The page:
Sunday, July 18, 2010

David Blackwell (1919 - 2010) -- and Game Theory

     David Blackwell, the first black scholar to be admitted to the National Academy of Sciences, a probabilist and statistician, died early this month. His NY Times and Washington Post obituaries tell of his many contributions. Blackwell's career connects to poetry through his interest in the Theory of Games.  He was co-author with Meyer Girshick of Theory of Games and Statistical Decisions, 1954, one of the early treatises on game theory.  

     A recent witty and lucid introduction to game theory is offered by Alexander Mehlmann in The Game's Afoot!  Game Theory in Myth and Paradox (volume 5 of the AMS Student Mathematical Library and translated by David  Kramer). Mehlmann, a professor at Vienna University of Technology, is also a poet and translator--and The Game's Afoot  is peppered with literary epigraphs which include the following:

     From time to time we take our pen in hand
     And scribble symbols on a blank white sheet.
     Their meaning is at everyone's command.
     It is a game whose rules are nice and neat.

This quatrain is from Herman Hesse's The Glass Bead Game (translation by Richard and Clara Winston);  Hesse's novel was published in 1943 -- almost coincident with the 1944 publication by John Von Neumann and Oskar Morgenstern of Theory of Games and Economic Behavior, a volume that marked, for all practical purposes, the birth of game theory.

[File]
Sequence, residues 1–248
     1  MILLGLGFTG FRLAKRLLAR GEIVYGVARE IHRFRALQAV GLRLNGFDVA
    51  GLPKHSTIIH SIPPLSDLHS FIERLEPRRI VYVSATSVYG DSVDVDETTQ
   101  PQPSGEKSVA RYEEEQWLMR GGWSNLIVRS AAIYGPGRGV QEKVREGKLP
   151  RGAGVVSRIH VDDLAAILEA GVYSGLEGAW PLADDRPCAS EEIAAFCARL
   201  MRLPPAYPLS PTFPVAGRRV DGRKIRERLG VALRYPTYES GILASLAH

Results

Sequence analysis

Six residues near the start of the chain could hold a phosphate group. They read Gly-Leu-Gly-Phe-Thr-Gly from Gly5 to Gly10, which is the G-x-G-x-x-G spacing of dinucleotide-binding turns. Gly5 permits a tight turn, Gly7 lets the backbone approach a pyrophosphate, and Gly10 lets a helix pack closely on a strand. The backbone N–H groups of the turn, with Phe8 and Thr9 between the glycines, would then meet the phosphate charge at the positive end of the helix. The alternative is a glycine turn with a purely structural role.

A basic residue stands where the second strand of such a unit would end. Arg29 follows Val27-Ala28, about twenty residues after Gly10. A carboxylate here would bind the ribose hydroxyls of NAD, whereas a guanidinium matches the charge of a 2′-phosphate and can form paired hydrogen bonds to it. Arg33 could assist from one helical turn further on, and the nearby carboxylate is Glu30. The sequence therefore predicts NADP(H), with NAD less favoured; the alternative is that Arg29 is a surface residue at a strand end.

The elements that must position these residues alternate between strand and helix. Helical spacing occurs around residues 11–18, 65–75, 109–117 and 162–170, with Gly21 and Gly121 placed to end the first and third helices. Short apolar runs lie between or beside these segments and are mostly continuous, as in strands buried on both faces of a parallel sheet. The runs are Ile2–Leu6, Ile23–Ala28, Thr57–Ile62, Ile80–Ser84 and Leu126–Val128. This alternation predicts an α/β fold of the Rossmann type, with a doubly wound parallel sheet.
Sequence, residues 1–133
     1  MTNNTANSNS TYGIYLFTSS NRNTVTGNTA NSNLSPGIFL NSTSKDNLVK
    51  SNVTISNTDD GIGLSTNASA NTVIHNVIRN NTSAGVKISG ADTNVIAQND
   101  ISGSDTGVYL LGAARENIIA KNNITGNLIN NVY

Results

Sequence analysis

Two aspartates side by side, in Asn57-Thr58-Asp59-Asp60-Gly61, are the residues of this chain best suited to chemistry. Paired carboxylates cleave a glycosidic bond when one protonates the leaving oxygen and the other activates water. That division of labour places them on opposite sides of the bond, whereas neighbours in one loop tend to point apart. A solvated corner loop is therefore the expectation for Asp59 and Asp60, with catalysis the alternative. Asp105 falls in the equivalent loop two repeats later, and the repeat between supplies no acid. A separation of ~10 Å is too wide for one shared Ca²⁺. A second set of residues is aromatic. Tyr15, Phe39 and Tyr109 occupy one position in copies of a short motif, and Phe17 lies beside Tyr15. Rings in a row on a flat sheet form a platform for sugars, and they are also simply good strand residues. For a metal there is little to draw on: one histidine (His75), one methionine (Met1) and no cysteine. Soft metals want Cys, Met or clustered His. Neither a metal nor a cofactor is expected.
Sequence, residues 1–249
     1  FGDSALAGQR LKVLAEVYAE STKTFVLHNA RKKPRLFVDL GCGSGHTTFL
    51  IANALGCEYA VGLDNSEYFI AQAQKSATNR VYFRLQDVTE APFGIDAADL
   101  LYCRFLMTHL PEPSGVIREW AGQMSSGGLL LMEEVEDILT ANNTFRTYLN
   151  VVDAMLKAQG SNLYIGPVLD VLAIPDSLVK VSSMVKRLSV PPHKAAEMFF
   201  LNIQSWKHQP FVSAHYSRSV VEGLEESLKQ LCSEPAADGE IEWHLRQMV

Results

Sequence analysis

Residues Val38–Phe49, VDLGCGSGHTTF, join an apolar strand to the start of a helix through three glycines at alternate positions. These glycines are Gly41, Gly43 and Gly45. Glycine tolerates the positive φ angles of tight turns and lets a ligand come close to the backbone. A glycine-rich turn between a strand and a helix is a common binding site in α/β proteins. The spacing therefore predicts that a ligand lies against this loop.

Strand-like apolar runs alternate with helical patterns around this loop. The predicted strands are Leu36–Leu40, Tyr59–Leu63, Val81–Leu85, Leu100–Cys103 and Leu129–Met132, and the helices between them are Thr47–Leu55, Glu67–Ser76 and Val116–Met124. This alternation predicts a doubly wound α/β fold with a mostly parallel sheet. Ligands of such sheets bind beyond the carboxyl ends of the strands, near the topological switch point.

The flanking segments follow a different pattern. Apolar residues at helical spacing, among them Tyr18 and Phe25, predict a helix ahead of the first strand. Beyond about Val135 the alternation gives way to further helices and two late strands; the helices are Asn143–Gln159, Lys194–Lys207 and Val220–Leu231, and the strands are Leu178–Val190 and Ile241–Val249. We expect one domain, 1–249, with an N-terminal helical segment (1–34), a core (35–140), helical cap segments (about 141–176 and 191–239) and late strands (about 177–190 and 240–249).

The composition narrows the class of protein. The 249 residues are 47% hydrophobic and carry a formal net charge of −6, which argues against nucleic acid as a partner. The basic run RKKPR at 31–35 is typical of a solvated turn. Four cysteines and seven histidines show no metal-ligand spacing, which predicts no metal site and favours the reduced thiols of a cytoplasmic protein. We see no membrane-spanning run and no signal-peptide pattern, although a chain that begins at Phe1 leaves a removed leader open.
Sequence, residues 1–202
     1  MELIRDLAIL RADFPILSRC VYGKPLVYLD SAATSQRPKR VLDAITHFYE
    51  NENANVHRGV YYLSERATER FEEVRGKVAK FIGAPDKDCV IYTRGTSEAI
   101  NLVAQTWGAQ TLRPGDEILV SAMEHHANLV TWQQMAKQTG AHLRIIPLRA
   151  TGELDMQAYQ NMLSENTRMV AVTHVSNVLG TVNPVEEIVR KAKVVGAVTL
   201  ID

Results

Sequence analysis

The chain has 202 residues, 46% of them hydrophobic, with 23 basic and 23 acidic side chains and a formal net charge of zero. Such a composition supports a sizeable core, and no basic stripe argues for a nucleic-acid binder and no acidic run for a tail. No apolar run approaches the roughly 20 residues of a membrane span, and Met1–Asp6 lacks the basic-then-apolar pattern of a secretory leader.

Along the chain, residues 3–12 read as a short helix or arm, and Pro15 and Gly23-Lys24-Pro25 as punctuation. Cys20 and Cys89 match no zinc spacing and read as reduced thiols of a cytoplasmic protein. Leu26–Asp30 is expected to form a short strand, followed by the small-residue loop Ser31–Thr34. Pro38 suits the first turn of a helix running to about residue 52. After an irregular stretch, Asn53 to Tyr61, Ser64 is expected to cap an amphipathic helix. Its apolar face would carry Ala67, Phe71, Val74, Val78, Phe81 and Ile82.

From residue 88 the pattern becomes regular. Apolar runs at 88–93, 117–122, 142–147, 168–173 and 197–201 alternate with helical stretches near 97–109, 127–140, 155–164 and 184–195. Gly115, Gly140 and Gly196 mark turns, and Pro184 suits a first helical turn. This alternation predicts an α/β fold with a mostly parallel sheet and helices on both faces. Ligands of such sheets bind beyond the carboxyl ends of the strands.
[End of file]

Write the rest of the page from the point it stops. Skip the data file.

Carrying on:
In Game Theory as in other mathematical ventures it is a useful habit of thought not to rule out the impossible; in time, it will exclude itself.  The following sentiment about decisions that go against the course of events is one of the stanzas offered by mathematician-writer Lewis Carroll's Mad Gardener in Sylvie and Bruno.

     He thought he saw an Argument
        That proved he was the Pope:
     He looked again, and found it was
       A Bar of Mottled Soap.
     "A fact so dread," he faintly said,
       "Extinguishes all hope."

Mehlmann concludes The Game's Afoot!  with his own lightly mocking "Postlude in Rhyme" called "The Mad Reviewer's Song" which follows the style of Carroll; here are two of his stanzas:

     He thought he saw a Strategy
        Undominated, Strict:
     He looked again, and found it was
        Quite Easy to Depict.
     "I'll never play a game," he said,
        "So simple to predict!"

     He thought he saw a Nash Profile
        Remaining unrefined:
     He looked again, and found it was
        Induction from Behind.
     "Before more doubts arise," he said,
        "Apply it!  Never mind!"

Long live the theory of games!!

1 comment:

  1. In the MAA death notices ( I found information about the passing (in June) of another game theorist--William F Lucas, who specialized in fair-division and voting systems.